Who doesn’t want a proxy pool of 2^64 IPs?

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foreword

Yesterday, my roommate bought an expensive IP proxy pool for crawlers. I suddenly had an idea next to me. Now all major ISPs/IDCs will assign you an entire IPv6 network segment with a 64-bit prefix. Can we make good use of it? What about this huge IPv6 IP resource?

I couldn’t sleep with this idea in mind, I got up early this morning (9:30) and started researching, and finally succeeded in implementing each request from a separate IPv6 address.

First look at the effect. I put the written program on the server and ran it for a while. The following is the access information from Cloudflare statistics. You can see that the number of unique visitors (independent IPs) has reached an unprecedented number for my small blog. Basically, Is a request for an independent IP, the effect is very good.

tutorial

First of all, you have to have an entire IPv6 subnet route for you. When you encounter a stingy service provider, even if they have a lot of IPv6 resources, they will not give you the use of it. In this case, you have no right. Fortunately, most ISPs/IDCs will give you an entire IPv6 /64 subnet, and some can even apply for a /56 subnet, which increases by several orders of magnitude, so you hardly need to worry about it.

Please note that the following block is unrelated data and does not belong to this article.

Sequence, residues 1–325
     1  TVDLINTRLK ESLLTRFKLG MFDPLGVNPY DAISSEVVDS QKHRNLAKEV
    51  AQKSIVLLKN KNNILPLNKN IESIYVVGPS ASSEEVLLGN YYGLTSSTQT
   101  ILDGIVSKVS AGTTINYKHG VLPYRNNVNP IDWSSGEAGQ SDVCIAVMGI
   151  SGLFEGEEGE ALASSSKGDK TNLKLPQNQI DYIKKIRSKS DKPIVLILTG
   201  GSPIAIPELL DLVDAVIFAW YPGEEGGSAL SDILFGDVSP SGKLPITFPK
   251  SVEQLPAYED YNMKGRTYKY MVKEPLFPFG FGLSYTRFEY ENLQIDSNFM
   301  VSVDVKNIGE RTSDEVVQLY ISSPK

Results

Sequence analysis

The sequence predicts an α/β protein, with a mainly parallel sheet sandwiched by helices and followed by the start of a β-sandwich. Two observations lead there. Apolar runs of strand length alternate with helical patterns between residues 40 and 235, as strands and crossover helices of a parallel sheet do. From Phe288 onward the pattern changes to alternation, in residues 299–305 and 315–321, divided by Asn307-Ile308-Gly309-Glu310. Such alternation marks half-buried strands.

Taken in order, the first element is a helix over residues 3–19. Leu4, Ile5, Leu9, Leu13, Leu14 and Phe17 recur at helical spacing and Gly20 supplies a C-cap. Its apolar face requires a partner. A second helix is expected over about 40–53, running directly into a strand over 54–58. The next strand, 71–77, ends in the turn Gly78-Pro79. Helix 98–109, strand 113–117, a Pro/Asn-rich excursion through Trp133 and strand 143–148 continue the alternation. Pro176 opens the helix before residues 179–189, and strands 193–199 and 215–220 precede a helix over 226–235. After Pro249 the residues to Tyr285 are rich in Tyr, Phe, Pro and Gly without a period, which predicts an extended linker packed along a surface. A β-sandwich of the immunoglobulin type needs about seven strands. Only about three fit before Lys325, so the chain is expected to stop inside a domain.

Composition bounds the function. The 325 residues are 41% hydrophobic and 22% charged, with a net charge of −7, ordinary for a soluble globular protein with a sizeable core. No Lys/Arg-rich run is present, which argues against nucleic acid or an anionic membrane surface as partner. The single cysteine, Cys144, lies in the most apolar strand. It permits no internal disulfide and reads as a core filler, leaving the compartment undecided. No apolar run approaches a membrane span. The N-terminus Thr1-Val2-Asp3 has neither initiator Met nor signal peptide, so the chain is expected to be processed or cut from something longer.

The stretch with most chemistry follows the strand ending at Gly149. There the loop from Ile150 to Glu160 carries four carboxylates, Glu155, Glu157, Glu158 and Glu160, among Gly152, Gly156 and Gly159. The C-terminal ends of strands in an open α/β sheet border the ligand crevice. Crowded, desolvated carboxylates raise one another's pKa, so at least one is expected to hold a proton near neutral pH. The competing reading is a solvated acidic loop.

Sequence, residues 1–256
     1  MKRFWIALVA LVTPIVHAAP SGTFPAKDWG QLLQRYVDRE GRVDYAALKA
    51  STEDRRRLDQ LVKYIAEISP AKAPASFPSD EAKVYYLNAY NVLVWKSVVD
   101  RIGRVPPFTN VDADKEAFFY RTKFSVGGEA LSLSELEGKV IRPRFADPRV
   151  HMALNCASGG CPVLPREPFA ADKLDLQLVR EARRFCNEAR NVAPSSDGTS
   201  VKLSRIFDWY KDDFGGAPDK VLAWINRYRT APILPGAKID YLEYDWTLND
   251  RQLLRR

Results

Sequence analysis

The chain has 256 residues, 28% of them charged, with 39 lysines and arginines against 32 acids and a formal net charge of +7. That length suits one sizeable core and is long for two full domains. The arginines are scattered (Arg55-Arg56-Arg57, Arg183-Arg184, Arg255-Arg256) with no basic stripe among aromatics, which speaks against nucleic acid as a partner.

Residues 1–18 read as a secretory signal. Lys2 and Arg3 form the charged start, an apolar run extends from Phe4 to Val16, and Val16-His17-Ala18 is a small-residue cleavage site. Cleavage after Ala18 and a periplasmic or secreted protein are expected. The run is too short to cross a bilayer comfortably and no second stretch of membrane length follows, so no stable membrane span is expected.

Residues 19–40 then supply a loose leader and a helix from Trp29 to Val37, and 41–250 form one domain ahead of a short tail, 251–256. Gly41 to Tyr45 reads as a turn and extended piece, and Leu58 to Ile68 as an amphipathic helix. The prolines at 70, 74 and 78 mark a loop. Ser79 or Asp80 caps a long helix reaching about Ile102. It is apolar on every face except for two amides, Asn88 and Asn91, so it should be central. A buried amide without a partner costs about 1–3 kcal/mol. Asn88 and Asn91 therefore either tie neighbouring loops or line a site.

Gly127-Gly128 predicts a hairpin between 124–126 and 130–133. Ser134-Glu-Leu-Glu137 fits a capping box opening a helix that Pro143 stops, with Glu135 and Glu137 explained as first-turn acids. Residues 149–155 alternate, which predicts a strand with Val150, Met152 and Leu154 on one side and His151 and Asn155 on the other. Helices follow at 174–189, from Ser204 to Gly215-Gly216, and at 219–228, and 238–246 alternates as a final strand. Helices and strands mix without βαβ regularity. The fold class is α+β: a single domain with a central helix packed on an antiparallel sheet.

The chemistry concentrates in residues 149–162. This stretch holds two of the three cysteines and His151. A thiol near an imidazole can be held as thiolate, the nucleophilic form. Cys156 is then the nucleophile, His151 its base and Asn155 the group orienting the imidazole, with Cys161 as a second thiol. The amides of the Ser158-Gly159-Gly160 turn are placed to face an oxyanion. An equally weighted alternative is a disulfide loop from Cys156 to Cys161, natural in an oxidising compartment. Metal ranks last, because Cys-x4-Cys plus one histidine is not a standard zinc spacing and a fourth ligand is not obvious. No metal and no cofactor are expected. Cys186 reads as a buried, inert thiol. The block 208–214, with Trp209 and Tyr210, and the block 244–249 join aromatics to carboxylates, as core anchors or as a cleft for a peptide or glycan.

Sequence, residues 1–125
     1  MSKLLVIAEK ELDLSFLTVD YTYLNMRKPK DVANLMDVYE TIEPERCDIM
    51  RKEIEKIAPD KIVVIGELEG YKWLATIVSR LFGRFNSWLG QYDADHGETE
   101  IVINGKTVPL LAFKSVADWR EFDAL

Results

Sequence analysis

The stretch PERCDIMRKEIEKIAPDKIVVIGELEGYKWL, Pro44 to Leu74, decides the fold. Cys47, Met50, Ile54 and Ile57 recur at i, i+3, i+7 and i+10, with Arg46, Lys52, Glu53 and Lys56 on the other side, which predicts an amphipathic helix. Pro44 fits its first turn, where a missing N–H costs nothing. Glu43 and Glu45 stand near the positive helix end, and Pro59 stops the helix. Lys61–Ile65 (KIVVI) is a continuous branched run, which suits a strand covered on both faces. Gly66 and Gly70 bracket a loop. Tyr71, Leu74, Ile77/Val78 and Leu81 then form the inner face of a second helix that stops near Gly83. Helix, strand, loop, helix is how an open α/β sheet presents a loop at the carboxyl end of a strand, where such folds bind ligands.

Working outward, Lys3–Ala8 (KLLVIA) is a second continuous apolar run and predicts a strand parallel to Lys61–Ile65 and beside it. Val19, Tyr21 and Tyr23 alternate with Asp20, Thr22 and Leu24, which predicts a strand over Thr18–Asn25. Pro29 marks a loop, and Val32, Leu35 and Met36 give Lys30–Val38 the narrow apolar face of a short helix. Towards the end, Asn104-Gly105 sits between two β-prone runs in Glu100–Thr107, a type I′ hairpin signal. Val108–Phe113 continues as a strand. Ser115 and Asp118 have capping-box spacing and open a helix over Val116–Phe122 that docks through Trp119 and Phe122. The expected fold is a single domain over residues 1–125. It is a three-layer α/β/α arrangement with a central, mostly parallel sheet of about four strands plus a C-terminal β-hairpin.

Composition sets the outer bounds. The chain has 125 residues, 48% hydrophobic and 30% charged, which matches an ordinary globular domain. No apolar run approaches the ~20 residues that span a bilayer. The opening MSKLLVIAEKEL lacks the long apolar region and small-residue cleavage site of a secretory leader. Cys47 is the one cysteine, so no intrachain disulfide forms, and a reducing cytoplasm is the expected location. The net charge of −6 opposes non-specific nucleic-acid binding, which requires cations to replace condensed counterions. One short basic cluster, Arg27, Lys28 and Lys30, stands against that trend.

For the convenience of experimentation, I purchased [Vultr’s server] , if you haven’t registered, you can use my [AFF link] .

You can get your IPv6 subnet information by viewing the address of the network interface with the ip a command:

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 $ ip a ...... 2: enp1s0: <BROADCAST,MULTICAST,ALLMULTI,UP,LOWER_UP> mtu 1500 qdisc fq state UP group default qlen 1000 ...... inet6 2001:19f0:6001:48e4:5400:3ff:fefa:a71d/64 scope global dynamic mngtmpaddr valid_lft 2591171sec preferred_lft 603971sec inet6 fe80::b155:e257:a8f7:6940/64 scope link stable-privacy valid_lft forever preferred_lft forever

As you can see, the default IPv6 address given to you is dynamic, which is automatically generated by the SLAAC protocol based on the prefix and the Mac address; there is also an IPv6 address starting with fe80 , which is also an automatically assigned link-local address. It’s nice that IPv6 avoids manual configuration through these stateless address configuration protocols, and is plug-and-play.

In my experiments, the subnet I got was 2001:19f0:6001:48e4::/64 , which is the basis for the following.

binding and routing

After getting the IPv6 subnet, you need to bind it to the local loopback interface, and then add the route.